It was Friday, I’d had a pretty intense week of Wellington fun, and I had the prospect of an early flight looming the following morning. I therefore resolved to have a fairly low-impact day with lunch and dinner at two markets nearby to where I was staying.
Firstly, I breakfast/lunched at the Capital Market which is open seven days and has the feel of a Singapore food centre about it. It had a decent balance of options with an emphasis on pan-Asian.
I started with slow cooked beef and tendon noodle soup from the Noodle Man ($13.50). This featured tender pieces of beef in a darkly rich soup filled with plentiful noodles. It was really pretty good.
After a short intermission, I headed to Xichlo, a Vietnamese fusion place. There I tried a pork and ham banh mi burger. This was essentially a banh mi on a round bun. The filling was lightly fragrant and packed good depth of flavour in the meaty elements.
I added some cheese and bacon fries. The bacon was in a slightly sickly tomato sauce and when matched with the excessive mayo topping this was in the realms of poutine. It was decent but towards the dirty end of things. Together the bun and fries cost $15.40.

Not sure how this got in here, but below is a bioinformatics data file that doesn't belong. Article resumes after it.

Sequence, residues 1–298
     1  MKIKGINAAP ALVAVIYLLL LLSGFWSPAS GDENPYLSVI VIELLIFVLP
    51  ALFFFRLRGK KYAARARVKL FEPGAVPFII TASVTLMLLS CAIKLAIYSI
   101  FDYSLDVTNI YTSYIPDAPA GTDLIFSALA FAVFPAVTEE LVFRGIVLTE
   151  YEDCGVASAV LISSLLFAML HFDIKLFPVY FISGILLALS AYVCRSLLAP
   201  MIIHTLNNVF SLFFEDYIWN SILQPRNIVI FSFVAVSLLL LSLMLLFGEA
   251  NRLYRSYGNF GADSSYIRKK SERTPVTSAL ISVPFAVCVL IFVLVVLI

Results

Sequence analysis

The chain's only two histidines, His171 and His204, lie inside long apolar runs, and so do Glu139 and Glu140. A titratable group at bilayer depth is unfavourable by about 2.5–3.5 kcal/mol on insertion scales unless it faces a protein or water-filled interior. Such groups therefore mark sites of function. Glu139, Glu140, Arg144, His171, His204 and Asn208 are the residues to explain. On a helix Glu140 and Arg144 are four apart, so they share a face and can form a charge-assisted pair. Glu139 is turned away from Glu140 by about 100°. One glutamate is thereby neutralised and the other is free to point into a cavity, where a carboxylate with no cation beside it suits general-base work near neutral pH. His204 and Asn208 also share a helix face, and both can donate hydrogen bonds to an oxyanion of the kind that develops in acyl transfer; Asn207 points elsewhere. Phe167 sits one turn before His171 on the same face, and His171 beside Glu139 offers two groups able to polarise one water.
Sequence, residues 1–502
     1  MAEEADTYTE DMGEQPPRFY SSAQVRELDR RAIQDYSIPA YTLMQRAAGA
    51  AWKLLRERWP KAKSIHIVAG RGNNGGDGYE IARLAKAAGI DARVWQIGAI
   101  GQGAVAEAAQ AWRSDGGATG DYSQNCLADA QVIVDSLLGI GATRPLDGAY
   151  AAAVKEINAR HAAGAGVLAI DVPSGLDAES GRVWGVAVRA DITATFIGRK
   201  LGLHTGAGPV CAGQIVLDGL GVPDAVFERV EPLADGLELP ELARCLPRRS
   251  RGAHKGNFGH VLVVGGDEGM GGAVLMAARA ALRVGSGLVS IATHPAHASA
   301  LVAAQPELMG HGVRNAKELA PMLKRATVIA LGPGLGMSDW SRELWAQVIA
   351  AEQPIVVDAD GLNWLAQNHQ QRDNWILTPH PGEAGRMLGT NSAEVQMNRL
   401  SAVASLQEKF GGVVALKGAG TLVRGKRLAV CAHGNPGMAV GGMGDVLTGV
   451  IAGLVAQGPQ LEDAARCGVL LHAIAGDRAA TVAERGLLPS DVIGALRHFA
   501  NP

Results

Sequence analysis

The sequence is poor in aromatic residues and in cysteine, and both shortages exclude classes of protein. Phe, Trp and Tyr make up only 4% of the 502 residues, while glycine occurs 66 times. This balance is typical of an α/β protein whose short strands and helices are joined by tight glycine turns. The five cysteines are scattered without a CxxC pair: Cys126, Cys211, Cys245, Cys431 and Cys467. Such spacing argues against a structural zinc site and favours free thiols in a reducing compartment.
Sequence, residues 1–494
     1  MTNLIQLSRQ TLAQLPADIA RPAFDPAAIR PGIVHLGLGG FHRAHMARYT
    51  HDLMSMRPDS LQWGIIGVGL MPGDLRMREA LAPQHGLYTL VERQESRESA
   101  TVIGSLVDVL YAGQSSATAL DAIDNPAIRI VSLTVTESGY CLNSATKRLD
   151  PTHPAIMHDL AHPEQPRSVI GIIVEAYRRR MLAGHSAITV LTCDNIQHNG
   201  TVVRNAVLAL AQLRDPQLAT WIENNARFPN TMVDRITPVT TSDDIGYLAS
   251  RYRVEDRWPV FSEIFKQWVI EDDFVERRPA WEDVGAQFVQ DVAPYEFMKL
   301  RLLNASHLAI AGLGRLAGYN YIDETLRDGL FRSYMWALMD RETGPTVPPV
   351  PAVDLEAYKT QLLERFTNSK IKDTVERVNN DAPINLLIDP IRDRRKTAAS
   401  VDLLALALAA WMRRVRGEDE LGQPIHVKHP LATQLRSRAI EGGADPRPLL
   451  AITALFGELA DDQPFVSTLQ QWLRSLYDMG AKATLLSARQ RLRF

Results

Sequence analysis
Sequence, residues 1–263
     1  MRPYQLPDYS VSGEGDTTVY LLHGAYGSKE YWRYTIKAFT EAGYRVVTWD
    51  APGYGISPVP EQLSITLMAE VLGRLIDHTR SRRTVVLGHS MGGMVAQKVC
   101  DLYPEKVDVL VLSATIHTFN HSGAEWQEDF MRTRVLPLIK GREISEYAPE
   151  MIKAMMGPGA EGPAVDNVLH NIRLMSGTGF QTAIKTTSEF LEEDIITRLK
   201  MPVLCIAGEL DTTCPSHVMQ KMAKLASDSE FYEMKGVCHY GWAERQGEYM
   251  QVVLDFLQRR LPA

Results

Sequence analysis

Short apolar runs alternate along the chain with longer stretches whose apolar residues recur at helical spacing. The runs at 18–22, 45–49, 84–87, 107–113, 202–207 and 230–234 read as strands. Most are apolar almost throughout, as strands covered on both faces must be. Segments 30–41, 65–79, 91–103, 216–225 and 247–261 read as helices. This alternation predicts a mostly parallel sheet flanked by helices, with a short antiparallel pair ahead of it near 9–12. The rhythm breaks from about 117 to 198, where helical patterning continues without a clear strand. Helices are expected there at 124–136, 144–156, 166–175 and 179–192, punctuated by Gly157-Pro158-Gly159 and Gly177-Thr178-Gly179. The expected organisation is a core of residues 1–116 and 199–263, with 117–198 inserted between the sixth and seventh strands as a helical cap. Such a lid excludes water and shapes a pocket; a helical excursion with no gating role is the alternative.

After a largely unproductive afternoon, I headed down Cuba Street to Wellington’s regular Friday night market.
This was a lively mix of food stalls, craft stalls, regular restaurants that lined the market area and capitalised on the increased flow of people, and some live music.
I ate at two stalls. Firstly, I had a selection of meaty dumplings from a stall called simply Dumplings. These were being hand-crafted on the stall but weren’t cooked to order meaning the portion I had was lukewarm with the casings a little tough. Still, for $10 this wasn’t a bad little snack.
The second item I sampled was a lamb roti wrap ($10) from Roti Bay Fast Food. The flatbreads were cooked to order on a large grill plate, then filled with crunchy slaw and a generous amount of meat stew, then topped with a range of sauces.
A strong effort had been made to wrap this in a way that minimised collateral splatter, but it still proved a fairly messy eat.
It was all pretty satisfying with the lamb warmly spiced and flavour-packed and the fresh bread of very good quality. I enjoyed it muchly.
So overall, I was glad to sample some of Welllington’s less formal delights after a couple of days with a fine-dining emphasis. The quality on offer didn’t always hit the heights but I found both the Capital Market and the Night Market rather charming and well worth checking out when you’re in town.